24. NRDC (2021) A bad biomass bet: why the leading approach to biomass energy with carbon capture and storage isn’t carbon negative. Online
  25. Brack, D., & King, R. (2020). ‘Net Zero and Beyond: What Role for Bioenergy with Carbon Capture and Storage?’. Chatham House.
  26.   Dornburg et al., (2008) Assessment of global biomass potentials and their links to food, water, biodiversity, energy demand and economy, The Netherlands Research Programme on Scientific Assessment and Policy Analysis for Climate Change (WAB).; Muratori et al. (2016). ‘Global economic consequences of deploying bioenergy with carbon capture and storage (BECCS)’, Environ. Res. Lett.; Popp, J. et al. (2014). ‘The effect of bioenergy expansion: Food, energy, and environment’, Renewable and Sustainable Energy Reviews, 32, pp.559-578; Tomei, J. et al. (2016). ‘Food versus fuel? Going beyond biofuels’, Land Use Policy, 56, pp.320-326; Gough, C. et al. (2018). ‘Challenges to the use of BECCS as a keystone technology in pursuit of 1.5⁰C’, Global Sustainability, 1.
  27. Planet B: Everything Must Change – Land (Ep 2)’ – featuring speakers from Mighty Earth, Friends of the Earth, and other climate justice activists. Novara. October 2021; Fridahl, M. & Lehtveer, M. (2018). ‘Bioenergy with carbon capture and storage (BECCS): Global potential, investment preferences, and deployment barriers’, Energy Research & Social Science, 42, pp.155-165; Finkill, G.D. (2018). The inclusion of Bio-energy with carbon capture and storage (BECCS) in Integrated Assessment Models: Assessing legitimacy within published climate discourses. Uppsala University; Hansson, A., et al. (2019). ‘Preconditions for bioenergy with carbon capture and storage (BECCS) in sub-Saharan Africa: the case of Tanzania’. Environment, Development and Sustainability, 22, pp.6851–6875
  28. MacDonald, P. (2021). ‘Will bioenergy with carbon capture (BECCS) work?’, Economy, Land & Climate Insight. 
  29. Investable commercial frameworks for Power BECCS, Element Energy and Vivid Economics. June 2021. 
  30. Quiggin, D. (2021). BECCS deployment: the risks of policies forging ahead of the evidence. Chatham House, Environment and Society Programme. 
  31. Dart, T., & Milman, O. (2018). ‘The dirty little secret behind ‘clean energy’ wood pellets’, The Guardian. 
  32. Kuresoo, S. (2021). ‘EU renewable energy policy subsidizes surge in logging of Estonia’s protected areas’. Economy, Land and Climate Insight. 
  33. NRDC, Dogwood Alliance and SELC (2019) “Global Markets for Biomass Energy are Devastating U.S. Forests” https://www.nrdc.org/sites/default/files/global-markets-biomass-energy-06172019.pdf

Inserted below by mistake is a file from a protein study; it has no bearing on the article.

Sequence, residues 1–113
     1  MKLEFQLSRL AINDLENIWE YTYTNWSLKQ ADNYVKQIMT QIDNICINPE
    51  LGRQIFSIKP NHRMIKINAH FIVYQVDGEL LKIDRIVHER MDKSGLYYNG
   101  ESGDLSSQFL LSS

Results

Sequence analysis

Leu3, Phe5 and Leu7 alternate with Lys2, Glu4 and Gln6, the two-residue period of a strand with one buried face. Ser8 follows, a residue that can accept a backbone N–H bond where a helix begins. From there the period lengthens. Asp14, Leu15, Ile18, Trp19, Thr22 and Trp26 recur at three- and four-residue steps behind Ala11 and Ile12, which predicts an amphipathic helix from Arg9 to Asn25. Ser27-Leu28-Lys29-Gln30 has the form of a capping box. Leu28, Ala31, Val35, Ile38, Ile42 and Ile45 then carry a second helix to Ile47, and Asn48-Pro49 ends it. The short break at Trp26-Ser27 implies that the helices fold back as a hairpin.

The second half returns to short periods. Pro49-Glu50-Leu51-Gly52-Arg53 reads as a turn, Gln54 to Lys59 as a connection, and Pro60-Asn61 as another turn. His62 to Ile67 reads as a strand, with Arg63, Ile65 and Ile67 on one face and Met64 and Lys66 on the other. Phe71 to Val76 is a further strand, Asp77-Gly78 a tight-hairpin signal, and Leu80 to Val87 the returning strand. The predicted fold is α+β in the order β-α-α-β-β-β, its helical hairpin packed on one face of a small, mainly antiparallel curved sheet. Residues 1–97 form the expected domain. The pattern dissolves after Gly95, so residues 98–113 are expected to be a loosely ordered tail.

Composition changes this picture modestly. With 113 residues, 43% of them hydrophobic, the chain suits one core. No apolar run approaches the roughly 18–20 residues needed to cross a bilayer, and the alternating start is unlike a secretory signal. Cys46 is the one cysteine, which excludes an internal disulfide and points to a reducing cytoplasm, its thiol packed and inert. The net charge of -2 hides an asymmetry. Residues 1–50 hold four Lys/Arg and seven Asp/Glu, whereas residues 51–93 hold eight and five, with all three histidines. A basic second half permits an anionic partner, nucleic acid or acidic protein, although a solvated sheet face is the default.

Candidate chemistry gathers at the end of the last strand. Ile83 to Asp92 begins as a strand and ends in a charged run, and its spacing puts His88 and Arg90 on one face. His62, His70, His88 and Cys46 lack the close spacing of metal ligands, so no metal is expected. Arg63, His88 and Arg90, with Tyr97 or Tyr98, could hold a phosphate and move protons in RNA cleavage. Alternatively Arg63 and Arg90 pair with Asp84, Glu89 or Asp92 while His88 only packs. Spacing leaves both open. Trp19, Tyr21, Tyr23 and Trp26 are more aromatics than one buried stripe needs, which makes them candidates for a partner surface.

34. Ceccherini, G., Duveiller, G., Grassi, G. et al. (2020) Abrupt increase in harvested forest area over Europe after 2015. Nature 583, 72–77 https://doi.org/10.1038/s41586-020-2438-y
  35. European Commission (2020) Reviewing and mitigating the impacts of renewable energy developments on habitats and species protected under the Birds and Habitats Directives. Online
  36. Pörtner, H.O., et al. 2021. IPBES-IPCC co-sponsored workshop report on biodiversity and climate change; IPBES and IPCC. Online.
  37. The investigative NGO Earthsight have demonstrated this through numerous case studies, including several notable investigations into Russian wood exports. You can find these investigations at www.earthsight.org.uk/investigations, or listen to our podcast with their director Sam Lawson here
  38. Ricardo (2020) The potential of bioenergy with carbon capture. Report to BEIS.
  39. Anderson, K. and Peters, G. (2016), ‘The trouble with negative emissions’, Science, 354(6309), pp. 182–83.
  40. McLaren, D. (2020). ‘Quantifying the potential scale of mitigation deterrence from greenhouse gas removal techniques’, Climatic Change, 162, pp.2411–2428
  41. For a brief overview, see Chow, C. (2020). Enhanced Weathering for Carbon CaptureEarth.org 
  42. Lewis, S.L, et al. (2019). ‘Restoring natural forests is the best way to remove atmospheric carbon‘, Nature. 

Bertie Harrison-Broninski is an Assistant Editor at Land and Climate Review, and a researcher studying bioenergy and BECCS policy for Culmer Raphael. He is also a freelance investigative journalist, with recent work including Al Jazeera’s Degrees of Abuse series and John Sweeney’s book on Ghislaine Maxwell. Find him on twitter @bertrandhb.